The Muellers' role
Last November, the Muellers became active in the Tropical Wings citizens group to help organize the Bird Migration Celebration that was held May 2-4 in communities up and down the St. Croix River.
The Phipps Center for the Arts also was heavily involved in the celebration, hosting the kick-off program and sponsoring learning stations at the art benches in seven St. Croix River communities, including Hudson.
John Mueller’s fifth-grade class wrote a song about migrating birds titled “There Are No Borders” and sang it at the opening program.
The celebration also featured a poetry contest, artwork by Costa Rican students and a host of outdoor activities related to birds.
One of the purposes of the sister parks relationship is to support resource management in both Costa Rica and the American parks, Patty Mueller said, “but there is also a big educational component.”“That’s where we come in,” she added.
When they travel to Costa Rica at their own expense in July, the Muellers will visit with three teachers who came to Hudson last winter. They’ll talk about continuing to connect their students through the Internet and technology, and also plan for a group of Hudson High School students to visit Costa Rica in the summer of 2015.
“As teachers, part of the reason we got involved in this whole effort is that we are always looking at ways to bring interesting things into the classroom. The more that we can do things that get kids excited, the better,” Patty said.
She said they want to learn more about the birds and their habitat on the Osa Peninsula so they can be better resources not only for their students, but the Hudson community as a whole.
Long-time environmental educators
The Muellers have been involved in environmental education for much of their lives.
After college, each landed a job as a biology technician for the Fish and Wildlife Service, through a program funded by the Young Adult Conservation Corps.
They met in 1981 while working with sea birds on Adak Island, part of Aleutian chain.
After their one-year terms were up, John took a job with the Alaska Department of Fish and Game, and spent two seasons with the Commercial Fisheries Division outside of Ketchikan.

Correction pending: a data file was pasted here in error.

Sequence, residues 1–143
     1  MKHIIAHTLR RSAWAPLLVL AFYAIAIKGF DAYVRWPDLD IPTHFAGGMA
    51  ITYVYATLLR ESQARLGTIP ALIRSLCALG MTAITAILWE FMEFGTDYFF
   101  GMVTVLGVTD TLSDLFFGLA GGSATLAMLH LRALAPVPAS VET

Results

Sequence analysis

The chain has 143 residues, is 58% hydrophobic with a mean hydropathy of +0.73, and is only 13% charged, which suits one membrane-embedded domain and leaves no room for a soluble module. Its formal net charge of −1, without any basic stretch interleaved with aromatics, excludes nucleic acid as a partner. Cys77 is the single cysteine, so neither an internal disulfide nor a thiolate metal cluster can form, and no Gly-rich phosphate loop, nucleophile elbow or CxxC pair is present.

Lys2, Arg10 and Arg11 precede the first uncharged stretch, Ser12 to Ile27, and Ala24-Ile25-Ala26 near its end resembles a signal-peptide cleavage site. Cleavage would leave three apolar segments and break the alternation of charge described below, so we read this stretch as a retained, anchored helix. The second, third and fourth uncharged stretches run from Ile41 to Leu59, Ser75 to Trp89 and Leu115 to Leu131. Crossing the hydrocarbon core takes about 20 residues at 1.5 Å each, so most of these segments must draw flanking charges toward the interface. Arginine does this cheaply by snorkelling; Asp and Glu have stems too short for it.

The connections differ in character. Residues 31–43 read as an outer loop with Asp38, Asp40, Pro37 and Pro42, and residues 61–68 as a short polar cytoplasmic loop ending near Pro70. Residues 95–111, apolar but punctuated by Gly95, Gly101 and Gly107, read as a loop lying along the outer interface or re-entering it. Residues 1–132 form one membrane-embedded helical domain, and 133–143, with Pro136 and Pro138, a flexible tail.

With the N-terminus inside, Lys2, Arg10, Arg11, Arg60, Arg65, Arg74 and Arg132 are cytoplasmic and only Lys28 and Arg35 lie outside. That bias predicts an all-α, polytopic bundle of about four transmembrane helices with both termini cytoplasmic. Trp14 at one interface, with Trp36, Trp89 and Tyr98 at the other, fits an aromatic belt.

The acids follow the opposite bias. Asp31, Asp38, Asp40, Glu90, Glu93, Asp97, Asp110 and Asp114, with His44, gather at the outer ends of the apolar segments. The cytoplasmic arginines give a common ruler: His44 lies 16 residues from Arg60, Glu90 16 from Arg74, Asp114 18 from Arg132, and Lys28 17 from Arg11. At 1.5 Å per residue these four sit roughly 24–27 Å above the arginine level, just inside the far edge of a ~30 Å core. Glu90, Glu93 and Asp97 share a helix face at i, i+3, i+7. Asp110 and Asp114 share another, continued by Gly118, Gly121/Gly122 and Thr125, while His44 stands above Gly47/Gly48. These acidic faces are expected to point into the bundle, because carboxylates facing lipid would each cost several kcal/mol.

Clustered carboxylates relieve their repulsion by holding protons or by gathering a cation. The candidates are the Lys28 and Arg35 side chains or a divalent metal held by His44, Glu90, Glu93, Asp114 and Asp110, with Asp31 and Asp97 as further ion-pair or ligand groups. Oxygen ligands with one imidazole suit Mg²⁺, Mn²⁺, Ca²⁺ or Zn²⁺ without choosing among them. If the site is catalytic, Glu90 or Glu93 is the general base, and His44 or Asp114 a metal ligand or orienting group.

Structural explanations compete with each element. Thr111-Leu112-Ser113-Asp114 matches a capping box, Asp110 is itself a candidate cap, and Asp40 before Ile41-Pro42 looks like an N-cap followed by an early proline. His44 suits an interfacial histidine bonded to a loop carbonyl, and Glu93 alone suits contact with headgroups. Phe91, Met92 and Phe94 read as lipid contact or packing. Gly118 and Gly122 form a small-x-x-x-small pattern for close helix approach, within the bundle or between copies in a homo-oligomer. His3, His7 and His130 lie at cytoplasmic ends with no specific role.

The Muellers got married in 1983 and went to work at the remote Kenai National Wildlife Refuge in Alaska.
Upon returning to the Lower 48 the next year, they led teens from the Twin Cities in outdoor activities at YMCA Camp Widjiwagen outside of Ely, Minn.
They came to Hudson in 1984 when Patty was hired to be the environmental education program director at YMCA Camp St. Croix. She started the program that now serves about 5,000 students a year.John, who had a bachelor’s degree in wildlife biology from UW-Stevens Point, enrolled in graduate school at UW-River Falls to earn a teaching degree.
He went to work for the Hudson School District in 1987, beginning as a fourth-grade teacher at Houlton Elementary.
Patty, who has a bachelor’s degree in biology from the University of Minnesota, later got her master’s degree in teaching from Bethel University. She’s been a science teacher at the high school for the past seven or eight years.
The Muellers have two grown sons, Andrew and Collin, who both of whom are musicians and reside in the Twin Cities area. Collin works at Schuster’s Music in downtown Hudson.
It’s a complex effort involving many facets, people and organizations, but the overall objective of the sister parks arrangement is to preserve habitat for neo-tropical, migrating birds, according to the Muellers.
“The common person can plant habitat in their backyard that could possibly be a stopping-off point for a bird on its way north or south,” John said.